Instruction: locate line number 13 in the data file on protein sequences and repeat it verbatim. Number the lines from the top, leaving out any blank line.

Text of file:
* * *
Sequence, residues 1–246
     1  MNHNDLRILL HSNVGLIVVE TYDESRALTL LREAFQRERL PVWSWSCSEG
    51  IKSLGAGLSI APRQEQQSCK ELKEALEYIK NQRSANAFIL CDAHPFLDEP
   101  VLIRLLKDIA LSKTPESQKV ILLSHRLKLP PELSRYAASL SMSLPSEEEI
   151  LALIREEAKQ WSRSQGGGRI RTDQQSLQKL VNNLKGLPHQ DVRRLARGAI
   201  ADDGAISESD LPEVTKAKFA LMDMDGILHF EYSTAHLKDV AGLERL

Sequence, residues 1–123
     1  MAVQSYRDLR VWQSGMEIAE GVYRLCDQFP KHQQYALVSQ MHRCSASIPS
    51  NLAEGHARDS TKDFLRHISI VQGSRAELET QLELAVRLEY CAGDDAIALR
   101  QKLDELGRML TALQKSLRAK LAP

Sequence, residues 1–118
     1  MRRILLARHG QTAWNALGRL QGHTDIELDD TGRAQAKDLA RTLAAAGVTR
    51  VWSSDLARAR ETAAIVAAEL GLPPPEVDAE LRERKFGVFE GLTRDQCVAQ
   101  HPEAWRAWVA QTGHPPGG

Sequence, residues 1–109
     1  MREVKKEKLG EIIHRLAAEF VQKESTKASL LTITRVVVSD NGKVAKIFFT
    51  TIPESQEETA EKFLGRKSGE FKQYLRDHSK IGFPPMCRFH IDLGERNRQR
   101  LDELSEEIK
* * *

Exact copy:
    51  VWSSDLARAR ETAAIVAAEL GLPPPEVDAE LRERKFGVFE GLTRDQCVAQ